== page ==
Two British nationals who were held hostage in the Democratic Republic of Congo (DRC) have been released, British Foreign Secretary Boris Johnson said on Sunday.
A park ranger was killed during the kidnapping, which took place near the village of Kibati just north of Goma.
The Britons were among three people abducted by unidentified armed men while reportedly visiting Virunga National Park, a renowned gorilla sanctuary in the east of the country.
A spokesperson for the Congolese Institute for Nature Conservation (ICCN) said: "For the moment the [ICCN] can not communicate much about the incident because the hostages are still in captivity".
Two Britons held hostage in the Democratic Republic of Congo have been released unharmed.
The two British tourists were kidnapped last week at a national park which is well known for its rare mountain gorillas in the central African country.
The vacationers and their driver have been kidnapped in Virunga Nationwide Park in Congo.More news: Second spot in the bag after bore draw at Irons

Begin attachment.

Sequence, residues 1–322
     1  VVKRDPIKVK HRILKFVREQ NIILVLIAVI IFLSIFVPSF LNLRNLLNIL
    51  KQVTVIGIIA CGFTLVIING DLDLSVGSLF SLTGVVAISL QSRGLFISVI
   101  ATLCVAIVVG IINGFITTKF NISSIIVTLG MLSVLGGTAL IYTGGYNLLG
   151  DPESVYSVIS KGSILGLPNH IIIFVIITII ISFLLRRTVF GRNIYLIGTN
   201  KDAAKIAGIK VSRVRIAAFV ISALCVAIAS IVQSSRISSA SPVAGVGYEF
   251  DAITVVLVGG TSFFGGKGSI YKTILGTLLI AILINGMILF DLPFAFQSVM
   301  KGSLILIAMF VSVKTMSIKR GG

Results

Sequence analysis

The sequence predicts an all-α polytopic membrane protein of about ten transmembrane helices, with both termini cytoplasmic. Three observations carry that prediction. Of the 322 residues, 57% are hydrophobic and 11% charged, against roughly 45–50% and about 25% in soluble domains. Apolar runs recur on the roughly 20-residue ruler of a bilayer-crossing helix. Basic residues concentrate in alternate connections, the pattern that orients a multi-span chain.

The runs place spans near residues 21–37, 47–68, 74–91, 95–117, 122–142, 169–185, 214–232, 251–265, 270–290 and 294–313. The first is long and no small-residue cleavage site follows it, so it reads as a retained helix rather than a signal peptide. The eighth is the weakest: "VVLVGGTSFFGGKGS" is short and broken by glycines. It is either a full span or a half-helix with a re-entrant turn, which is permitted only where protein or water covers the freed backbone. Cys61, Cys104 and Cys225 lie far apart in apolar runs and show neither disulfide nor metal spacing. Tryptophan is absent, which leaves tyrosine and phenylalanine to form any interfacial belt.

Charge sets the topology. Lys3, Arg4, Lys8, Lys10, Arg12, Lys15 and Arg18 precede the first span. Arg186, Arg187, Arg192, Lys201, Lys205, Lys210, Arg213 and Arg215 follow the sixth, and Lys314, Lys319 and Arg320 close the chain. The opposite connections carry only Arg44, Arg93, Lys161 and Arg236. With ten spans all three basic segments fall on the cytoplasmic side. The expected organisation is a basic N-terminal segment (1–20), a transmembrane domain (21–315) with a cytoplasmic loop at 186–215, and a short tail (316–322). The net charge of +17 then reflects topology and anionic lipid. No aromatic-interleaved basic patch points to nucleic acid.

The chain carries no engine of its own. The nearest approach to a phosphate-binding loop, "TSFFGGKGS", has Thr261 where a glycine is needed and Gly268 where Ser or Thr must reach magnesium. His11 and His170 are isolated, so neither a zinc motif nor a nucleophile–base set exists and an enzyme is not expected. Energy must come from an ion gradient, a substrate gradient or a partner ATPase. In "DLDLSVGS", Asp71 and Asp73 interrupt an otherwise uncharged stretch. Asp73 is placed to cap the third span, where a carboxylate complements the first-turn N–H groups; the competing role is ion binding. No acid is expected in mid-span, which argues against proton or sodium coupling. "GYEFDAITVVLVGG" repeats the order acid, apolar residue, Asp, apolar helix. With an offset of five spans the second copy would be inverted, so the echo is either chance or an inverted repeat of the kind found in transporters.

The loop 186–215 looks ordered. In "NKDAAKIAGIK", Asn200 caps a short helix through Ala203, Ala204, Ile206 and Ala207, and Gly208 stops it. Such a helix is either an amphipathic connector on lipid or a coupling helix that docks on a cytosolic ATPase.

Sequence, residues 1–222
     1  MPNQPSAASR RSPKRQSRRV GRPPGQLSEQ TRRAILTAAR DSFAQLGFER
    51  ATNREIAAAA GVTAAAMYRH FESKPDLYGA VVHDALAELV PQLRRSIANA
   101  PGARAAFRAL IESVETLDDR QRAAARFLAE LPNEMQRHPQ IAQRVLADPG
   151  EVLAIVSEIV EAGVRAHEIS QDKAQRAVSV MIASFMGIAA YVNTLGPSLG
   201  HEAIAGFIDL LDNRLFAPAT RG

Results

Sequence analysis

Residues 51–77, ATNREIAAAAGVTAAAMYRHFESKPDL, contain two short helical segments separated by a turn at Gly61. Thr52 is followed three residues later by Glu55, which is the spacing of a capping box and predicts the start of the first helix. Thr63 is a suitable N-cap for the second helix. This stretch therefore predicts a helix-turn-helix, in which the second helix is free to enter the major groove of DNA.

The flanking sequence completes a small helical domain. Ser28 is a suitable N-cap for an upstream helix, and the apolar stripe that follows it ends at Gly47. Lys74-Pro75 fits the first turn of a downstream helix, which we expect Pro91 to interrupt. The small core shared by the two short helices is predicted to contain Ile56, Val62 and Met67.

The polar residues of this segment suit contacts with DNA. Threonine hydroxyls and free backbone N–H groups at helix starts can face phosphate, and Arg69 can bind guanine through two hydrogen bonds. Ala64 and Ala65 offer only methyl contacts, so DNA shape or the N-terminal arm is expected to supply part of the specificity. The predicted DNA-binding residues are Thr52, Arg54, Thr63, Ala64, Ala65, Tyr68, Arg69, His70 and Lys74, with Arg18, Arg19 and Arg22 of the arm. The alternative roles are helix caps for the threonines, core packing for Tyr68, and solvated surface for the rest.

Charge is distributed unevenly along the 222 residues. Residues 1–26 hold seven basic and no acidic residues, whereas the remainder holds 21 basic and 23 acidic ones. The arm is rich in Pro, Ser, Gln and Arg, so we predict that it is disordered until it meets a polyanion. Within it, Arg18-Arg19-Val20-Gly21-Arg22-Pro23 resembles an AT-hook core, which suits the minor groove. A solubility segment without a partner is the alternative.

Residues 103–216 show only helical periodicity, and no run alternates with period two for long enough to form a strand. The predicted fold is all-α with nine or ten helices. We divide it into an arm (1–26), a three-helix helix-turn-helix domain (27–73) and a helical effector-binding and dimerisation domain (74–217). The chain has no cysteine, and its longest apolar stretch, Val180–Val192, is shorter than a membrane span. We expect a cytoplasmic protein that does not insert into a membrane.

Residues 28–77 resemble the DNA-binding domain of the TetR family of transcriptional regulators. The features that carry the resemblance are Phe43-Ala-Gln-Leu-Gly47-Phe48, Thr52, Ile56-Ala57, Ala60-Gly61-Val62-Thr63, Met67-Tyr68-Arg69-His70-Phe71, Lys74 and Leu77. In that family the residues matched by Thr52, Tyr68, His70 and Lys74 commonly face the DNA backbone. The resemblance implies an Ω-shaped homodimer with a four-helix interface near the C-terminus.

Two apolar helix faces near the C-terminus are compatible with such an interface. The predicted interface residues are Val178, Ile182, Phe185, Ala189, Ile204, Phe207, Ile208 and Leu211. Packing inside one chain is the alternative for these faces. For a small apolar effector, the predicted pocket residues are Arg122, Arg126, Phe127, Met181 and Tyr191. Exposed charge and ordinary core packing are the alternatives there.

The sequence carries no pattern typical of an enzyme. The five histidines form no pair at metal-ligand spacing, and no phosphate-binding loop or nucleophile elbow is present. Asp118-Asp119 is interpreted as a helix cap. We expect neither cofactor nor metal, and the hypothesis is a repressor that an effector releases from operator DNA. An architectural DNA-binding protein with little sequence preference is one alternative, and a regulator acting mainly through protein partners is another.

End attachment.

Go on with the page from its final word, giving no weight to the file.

Park Director Emmanuel de Merode said she showed "true bravery" in her work.
"We wish to extend our sincerest condolences to her family, and our thoughts are with all those affected by this incident".
Covering some 7,800 square kilometers (3,011 miles), the Virunga national park is one of the most important conservation sites in the world. Virunga Park is home to about one-quarter of the world's remaining mountain gorillas, and the work of protecting them has proven risky.
Following Friday's kidnapping, the British Foreign Office "advised against all but essential travel" to the DRC province where Virunga park is located.
Before taking the tourists, they murdered the park ranger, Rachel Katumwa, 25, who had accompanied them there.
Rising violence in recent months across the province of North Kivu has been linked to broader political instability in DR Congo.
Last month, five young rangers and a driver were killed in a militia ambush, the park said.